But wrapped around all of the above is an operating model that allows you to be able to execute and make the decisions you need to make on an ongoing basis. And some of the decisions that you need to make under the commercial operating model are the degree of centralization versus decentralization.

We think the best model is one where you have a central organization that develops strategy and guidelines, orchestrates the planning process, and then leads the performance management; with regions then doing the deep operational planning, and countries executing.

The second big decision area is around roles and responsibilities across geographies, products, and segments. This is to make sure that once you’ve actually planned, you can make decisions in quarter.

The last big decision is around sales forecasting. There are a lot of companies that fall into situations where they have multiple groups forecasting, and it can get extremely burdensome and confusing. Having clarity around who is going to forecast is another seemingly simple but actually very important issue in terms of an operating model.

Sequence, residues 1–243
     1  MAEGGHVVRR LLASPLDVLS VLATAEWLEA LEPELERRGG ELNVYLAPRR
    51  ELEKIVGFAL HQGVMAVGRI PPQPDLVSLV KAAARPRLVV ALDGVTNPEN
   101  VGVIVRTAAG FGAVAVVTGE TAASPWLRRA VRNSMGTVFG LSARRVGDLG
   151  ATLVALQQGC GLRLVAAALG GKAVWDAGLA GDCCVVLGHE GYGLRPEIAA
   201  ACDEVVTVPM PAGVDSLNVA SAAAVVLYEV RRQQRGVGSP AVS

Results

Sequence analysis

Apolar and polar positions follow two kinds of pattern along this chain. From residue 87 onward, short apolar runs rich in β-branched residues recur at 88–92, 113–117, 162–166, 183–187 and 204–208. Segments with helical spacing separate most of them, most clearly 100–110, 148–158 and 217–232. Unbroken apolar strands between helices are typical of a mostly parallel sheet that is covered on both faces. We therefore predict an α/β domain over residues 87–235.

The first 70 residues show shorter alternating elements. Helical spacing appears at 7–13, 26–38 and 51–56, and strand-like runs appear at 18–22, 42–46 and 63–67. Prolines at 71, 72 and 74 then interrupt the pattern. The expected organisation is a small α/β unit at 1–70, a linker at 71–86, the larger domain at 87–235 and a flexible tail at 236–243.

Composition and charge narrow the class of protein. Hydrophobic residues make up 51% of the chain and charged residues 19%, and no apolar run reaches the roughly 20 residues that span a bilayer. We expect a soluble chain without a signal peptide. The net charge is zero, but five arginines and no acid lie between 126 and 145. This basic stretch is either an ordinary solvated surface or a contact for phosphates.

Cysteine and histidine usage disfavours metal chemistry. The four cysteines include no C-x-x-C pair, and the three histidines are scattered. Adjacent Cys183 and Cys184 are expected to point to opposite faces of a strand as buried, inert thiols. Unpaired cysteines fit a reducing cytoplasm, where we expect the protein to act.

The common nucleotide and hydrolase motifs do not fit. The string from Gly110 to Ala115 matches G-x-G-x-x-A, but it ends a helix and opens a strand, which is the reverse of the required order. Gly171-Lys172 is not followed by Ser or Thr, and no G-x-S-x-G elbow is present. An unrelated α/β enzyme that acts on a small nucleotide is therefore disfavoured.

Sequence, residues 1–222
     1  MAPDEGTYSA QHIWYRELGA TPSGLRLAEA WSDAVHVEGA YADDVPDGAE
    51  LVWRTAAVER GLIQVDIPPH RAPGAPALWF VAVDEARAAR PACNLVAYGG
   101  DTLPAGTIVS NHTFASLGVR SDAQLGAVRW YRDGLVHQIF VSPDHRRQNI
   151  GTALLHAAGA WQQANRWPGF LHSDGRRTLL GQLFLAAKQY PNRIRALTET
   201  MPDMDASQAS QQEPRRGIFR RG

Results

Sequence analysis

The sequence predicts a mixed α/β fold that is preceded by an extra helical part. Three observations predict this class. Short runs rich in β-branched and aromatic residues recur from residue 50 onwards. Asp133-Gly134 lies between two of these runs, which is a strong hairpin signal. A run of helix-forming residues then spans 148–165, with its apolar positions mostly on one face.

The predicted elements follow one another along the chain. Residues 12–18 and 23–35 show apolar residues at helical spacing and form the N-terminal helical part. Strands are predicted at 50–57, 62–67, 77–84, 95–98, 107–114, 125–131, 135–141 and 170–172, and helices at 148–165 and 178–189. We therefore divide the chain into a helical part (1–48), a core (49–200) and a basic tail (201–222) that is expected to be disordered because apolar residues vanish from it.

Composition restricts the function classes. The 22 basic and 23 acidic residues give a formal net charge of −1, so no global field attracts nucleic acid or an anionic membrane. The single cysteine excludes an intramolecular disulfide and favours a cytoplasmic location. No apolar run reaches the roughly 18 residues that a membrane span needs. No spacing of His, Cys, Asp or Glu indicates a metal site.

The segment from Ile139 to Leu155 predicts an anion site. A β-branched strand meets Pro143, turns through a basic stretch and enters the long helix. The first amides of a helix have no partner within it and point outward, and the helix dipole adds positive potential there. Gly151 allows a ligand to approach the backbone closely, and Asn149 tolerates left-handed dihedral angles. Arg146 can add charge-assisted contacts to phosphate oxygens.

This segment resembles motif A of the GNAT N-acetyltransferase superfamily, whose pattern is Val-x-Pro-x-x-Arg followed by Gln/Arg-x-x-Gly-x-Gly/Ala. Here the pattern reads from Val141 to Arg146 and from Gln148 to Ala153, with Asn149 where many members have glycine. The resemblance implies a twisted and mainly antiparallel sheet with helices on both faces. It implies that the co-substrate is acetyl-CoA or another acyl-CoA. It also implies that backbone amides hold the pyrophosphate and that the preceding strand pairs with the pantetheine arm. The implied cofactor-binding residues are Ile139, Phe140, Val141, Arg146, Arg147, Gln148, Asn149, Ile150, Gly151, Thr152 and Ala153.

Companies that are able to identify and map out opportunities — and then align their go-to-market accordingly — are much more successful.”

Bertil Chappuis | Senior Partner, McKinsey & Company
The 7 Biggest Trends Upending Sales Today By Maria Valdivieso de Uster,
Director of Knowledge, McKinsey & Company’s Marketing and Sales Practice